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Santa Monica Council Candidates Talk Council Decisions

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By Lookout Staff

Editor’s Note: The Lookout News sent several questions to the 10 candidates running for Santa Monica City Council. Eight responded. Each answer was limited to 150 words. The Lookout is publishing the candidates' answers verbatim over several days.

October 26, 2016 -- Today's question (this one technically an instruction): Name a good decision and bad decision made by the City Council in the past four years that stand out to you.

Tony Vazquez, incumbent
One of the bad decisions was the closing of the Village Trailer Park. This resulted in the loss of true affordable housing units that we desperately need in Santa Monica. I feel one of the best decisions the City Council has made in the last four years was to move ahead with the closing of Santa Monica airport. Although we knew it would be a long, drawn out process, we heeded the clamor of the local residents to meet the challenge. Our ultimate goal is to create much needed open space and recreational facilities for the residents.

Mende Smith, challenger
The Expo Line is not a high-functional commuter solution to traffic congestion. The option to design the rail line below ground vs. above ground was not really taken into consideration by the right experts, clearly. Some people say it was all the fault of two council members, but I am not going to go into it here. By design, the Expo is not highly-efficient. The purple line should be extended as has been discussed in addition to the current rail line we have today. In my native city of Seattle in efforts to control car-traffic through main corridors, city busses offer free transportation within the downtown limits on weekdays. It is also possible to allow free bus passes to people working in the city limits as a way to keep the cars off our streets.

Armen Melkonians, challenger
Bad decision: City Council unanimously approved the new Zoning Ordinance on June 23, 2015, accelerating the destruction of Santa Monica’s low-rise character by incentivizing growth in an already built-out city. The City Council failed to address the fact that the Environmental Impact Report written for the General Plan Update in 2010 was deficient in assessing the real impacts of the planned growth in Santa Monica. The solution to this bad decision is for residents to Vote Yes on Measure LV on November 8. Measure LV will stop the aggressive growth and traffic impacts incentivized in the adopted Zoning Ordinance. Good Decision: Appointing Mario Fonda-Bonardi to the Planning Commission was a smart move by Council.

Ted Winterer, incumbent
I think we made a very wise decision to divert one-time monies such as profit-sharing from sales at The Village and ongoing revenues from the dissolution of redevelopment agencies to our affordable housing fund, since we need to do all we can to preserve socioeconomic diversity as we wrestle with replacing lost RDA money for deed-restricted housing for those earning 30—60 percent of AMI. On the same note, I think we erred with Measure H when seeking to replace part of that lost redevelopment funding – an increase in the documentary transfer tax was too abstruse for many voters and we didn’t anticipate the well-funded opposition from real estate interests.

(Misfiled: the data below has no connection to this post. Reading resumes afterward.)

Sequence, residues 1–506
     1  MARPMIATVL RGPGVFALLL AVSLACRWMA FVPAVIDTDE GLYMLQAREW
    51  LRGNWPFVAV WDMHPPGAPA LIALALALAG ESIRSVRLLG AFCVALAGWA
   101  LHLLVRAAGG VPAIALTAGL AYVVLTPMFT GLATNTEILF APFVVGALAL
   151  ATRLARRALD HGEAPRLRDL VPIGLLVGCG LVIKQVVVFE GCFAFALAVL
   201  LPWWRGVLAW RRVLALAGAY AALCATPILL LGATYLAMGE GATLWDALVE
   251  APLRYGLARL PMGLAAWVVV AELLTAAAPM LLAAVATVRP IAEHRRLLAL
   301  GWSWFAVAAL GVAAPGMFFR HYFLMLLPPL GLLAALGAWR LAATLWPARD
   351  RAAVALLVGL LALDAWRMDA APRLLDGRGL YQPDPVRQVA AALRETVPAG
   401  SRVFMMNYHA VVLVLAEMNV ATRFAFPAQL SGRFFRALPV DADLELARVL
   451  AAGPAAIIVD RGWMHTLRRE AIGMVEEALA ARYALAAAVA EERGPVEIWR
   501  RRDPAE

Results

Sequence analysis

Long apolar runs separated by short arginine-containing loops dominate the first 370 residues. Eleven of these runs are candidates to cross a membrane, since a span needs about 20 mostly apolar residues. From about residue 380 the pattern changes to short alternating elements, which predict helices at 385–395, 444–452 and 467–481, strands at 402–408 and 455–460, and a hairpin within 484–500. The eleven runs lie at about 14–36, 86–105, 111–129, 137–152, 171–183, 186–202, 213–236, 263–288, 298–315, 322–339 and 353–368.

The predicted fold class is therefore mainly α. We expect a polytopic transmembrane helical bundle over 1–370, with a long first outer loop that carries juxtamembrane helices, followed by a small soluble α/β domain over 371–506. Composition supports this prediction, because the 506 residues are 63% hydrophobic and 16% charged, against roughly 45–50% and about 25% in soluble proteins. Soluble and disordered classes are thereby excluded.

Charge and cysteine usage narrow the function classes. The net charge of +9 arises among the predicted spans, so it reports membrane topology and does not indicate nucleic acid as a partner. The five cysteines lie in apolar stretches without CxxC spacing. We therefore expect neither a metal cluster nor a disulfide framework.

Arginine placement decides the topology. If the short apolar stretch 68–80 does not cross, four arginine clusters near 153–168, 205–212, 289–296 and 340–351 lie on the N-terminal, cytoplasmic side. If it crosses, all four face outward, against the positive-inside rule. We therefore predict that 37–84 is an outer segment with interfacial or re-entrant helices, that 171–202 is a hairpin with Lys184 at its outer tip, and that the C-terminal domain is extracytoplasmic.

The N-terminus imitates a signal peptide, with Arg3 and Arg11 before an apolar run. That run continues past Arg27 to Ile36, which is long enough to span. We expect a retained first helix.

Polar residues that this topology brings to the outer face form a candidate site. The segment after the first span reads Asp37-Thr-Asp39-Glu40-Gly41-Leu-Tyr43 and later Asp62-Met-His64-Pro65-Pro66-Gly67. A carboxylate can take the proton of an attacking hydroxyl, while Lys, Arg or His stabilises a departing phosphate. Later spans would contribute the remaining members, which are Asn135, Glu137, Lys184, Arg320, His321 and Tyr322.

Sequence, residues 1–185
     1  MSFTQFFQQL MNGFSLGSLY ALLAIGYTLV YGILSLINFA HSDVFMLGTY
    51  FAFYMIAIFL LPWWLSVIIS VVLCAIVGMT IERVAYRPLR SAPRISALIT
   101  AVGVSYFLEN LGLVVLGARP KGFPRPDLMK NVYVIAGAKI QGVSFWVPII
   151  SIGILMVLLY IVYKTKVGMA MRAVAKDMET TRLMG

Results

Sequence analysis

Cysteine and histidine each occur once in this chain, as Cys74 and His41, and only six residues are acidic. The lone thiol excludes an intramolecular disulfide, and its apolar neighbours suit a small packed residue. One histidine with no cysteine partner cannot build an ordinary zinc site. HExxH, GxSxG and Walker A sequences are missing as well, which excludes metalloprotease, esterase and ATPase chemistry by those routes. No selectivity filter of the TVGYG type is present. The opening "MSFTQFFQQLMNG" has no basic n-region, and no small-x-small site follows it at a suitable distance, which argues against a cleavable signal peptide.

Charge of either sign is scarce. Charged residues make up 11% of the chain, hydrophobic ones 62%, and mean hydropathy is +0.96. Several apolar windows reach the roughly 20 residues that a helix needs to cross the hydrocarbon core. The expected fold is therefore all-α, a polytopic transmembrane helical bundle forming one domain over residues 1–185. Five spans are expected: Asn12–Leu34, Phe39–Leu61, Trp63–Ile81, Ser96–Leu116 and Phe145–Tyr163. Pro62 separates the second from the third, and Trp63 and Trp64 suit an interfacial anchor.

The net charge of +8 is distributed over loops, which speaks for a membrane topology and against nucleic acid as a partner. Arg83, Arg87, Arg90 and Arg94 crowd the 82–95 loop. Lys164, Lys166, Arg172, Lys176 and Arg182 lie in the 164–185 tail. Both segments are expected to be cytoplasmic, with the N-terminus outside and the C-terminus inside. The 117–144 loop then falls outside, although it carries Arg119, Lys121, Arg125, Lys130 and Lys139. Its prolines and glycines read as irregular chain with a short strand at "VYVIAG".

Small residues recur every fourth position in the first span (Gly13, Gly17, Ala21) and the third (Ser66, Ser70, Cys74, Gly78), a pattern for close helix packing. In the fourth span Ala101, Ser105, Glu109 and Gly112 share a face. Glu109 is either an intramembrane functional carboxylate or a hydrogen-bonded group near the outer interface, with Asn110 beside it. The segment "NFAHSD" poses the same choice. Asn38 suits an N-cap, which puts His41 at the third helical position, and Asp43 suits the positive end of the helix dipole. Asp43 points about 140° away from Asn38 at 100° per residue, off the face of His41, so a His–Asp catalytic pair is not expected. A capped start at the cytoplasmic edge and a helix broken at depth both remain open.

Terence Later, challenger
Good: Attempt to sanction Pam O’Conner to get the million dollars that they wasted on the lawsuit for the improper firing of the city employee. Bad: To fight the FAA about the airport and to refuse the federal funding for safety precautions from the federal government.

Gleam Davis, incumbent
I am particularly happy that, at its retreat in August 2015, the Council elected to include the community's ability to "Learn and Thrive" as one of its top five priorities. That commitment is the foundation of all our work around wellbeing and helped us win recognition from the Robert Wood Johnson Foundation. I think that the City Council made a bad decision in removing the possibility of an occasional Tier 3 housing development along Wilshire and Santa Monica Boulevards, east of Lincoln. I think that placing housing on those boulevards is a crucial component of converting them from automobile thoroughfares to complete streets that accommodate transit, pedestrians, and cyclists. With the removal of the option of a Tier 3 housing project from those boulevards, at least one site has abandoned plans to build housing and, instead, will build a one-story commercial building.

Terry O’Day, incumbent
The City Council makes many good decisions, such as our minimum wage, which is the most progressive in the nation since it includes protections against wage theft and paid time off. When the City Council voted against the development agreement with Hines on Olympic Blvd. between 26th and Stewart, we got The Pen Factory instead. The developers demolished all but three walls and excavated to build parking. It demonstrates anti-environmental planning, an office-only project adjacent to a transit stop –- not one unit of housing added, much less affordable housing. Also not included -– no cut-through streets and walks or enforceable daily trip penalties to reduce traffic, no pedestrian improvements like sidewalks, no open space, no LEED certification, no contribution to parks or child care. Essentially, we got all the worst traffic impacts and none of the housing or investments in the community.

Jon Mann, challenger
Editor’s note: Although he responded to the questionnaire, he did not provide an answer to this question.


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